TARP is a debatable point, I believe, also an unfalsifiable one, we can’t say at this date that without out, we’re sure the financial system wouldn’t have collapsed. Certain parts of it like money market funds certainly were failing in real time when the government realized letting Lehman Brothers fail was a mistake (the dangers of moral hazard, the rescue of Bear Stearns signaled to Lehman and the rest that they’d get rescued and most of them proceeded to act like that). Therefore I don’t consider a vote for TARP in the same category as the rest.

        The auto bailout vote can be explained by his Democratic constituency having a lot of UAW members, his ability to change things has been contingent on his staying in office, after all.

        The rest, though, including a vote to confiscate 90% of AIG “bonuses” (scare quotes because that’s how the financial industry does its compensation, base pay plus a bigger end of year bonus if you make your targets, the vote was in essence to destroy AIG’s ability to recover by depriving it of talent), are impossible to reconcile with his being responsible in the fiscal and financial areas.

        • Patrick H says:

          TARP did nothing but raise inflation and line the pockets of those who should have failed. If anything, in only delayed the financial collapse. All of those banks should have failed, and it actually hurt the economy- it did not help it.

          • Harold says:

            TARP did nothing but raise inflation

            ???—I’m not aware of this happening at all, and it’s pretty unlikely in a crisis including massive deflation (destruction of money and rapid deceleration of its velocity). Can you point to resulting inflation?

            line the pockets of those who should have failed

            Revenge makes poor economic policy.

            If anything, in only delayed the financial collapse.

            Very possible, but if so, 4 years later, that’s due to economic malpractice following TARP, not TARP per se.

            All of those banks should have failed

            Leading us straight to a real, ’30s style post-Credit-Anstalt Great Depression? The only saving grace to that is that Obama doesn’t have a smidgen of the political talent of FDR.

            it actually hurt the economy- it did not help it.

            We do not and cannot know that. If the perception of counter-party risk had continued to skyrocket, if the run on money market funds hadn’t been stopped and we’d let the world financial system freeze up, then your statement is clearly wrong.

            The questions I see are, was TARP a necessary component in addressing the crisis and did it unnecessarily signal panic and make things worse that way?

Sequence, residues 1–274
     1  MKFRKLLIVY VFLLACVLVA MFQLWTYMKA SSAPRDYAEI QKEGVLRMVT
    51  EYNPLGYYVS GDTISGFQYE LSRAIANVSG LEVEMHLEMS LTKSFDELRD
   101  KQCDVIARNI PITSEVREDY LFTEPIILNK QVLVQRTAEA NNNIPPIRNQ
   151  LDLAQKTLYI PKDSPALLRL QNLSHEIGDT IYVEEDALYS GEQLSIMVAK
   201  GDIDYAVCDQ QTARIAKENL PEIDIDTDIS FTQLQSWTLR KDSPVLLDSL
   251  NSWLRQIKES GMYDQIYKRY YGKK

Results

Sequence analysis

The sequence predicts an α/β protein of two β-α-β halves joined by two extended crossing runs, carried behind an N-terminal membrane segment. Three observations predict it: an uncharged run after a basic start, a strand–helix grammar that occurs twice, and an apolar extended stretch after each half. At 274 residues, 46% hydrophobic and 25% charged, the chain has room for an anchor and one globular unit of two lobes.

• Patrick H says:

              TARP did nothing but raise inflation
              ???—I’m not aware of this happening at all, and it’s pretty unlikely in a crisis including massive deflation (destruction of money and rapid deceleration of its velocity). Can you point to resulting inflation?

              Here’s a great article on the problems of TARP. It raised inflation because the Fed printed money to give to the banks.

              line the pockets of those who should have failed
              Revenge makes poor economic policy.

              What are you talking about? This isn’t about revenge. Its about free markets and letting those who are bad fail. We shouldn’t prop up failing enterprises.

              If anything, in only delayed the financial collapse.
              Very possible, but if so, 4 years later, that’s due to economic malpractice following TARP, not TARP per se.

              No, TARP wasted money on institutions that should have failed. That money should have been used for creation, not for propping up failed institutions.

              All of those banks should have failed
              Leading us straight to a real, ’30s style post-Credit-Anstalt Great Depression? The only saving grace to that is that Obama doesn’t have a smidgen of the political talent of FDR.

              We are already in a depression. Just like FDR, TARP only prolonged the depression. If they would have failed, there would have be pain, no doubt. But that’s because the whole depression is government created anyway. It caused a bubble that needed to be corrected. So the market would have corrected it- the banks would have failed, and then new, better banks would take over.

              it actually hurt the economy- it did not help it.
              We do not and cannot know that. If the perception of counter-party risk had continued to skyrocket, if the run on money market funds hadn’t been stopped and we’d let the world financial system freeze up, then your statement is clearly wrong.
              The questions I see are, was TARP a necessary component in addressing the crisis and did it unnecessarily signal panic and make things worse that way?

              No its correct in that it hurt it. It prolonged the depression and made the pain that was coming further down the road. Without TARP the economy would have recovered by now.

              TARP was the worst way of addressing the crisis- by making it appear things were okay. Instead the market should have allowed the correction, making short term pain for long term gain. Instead we still have a weak economy.

            • Patrick H says: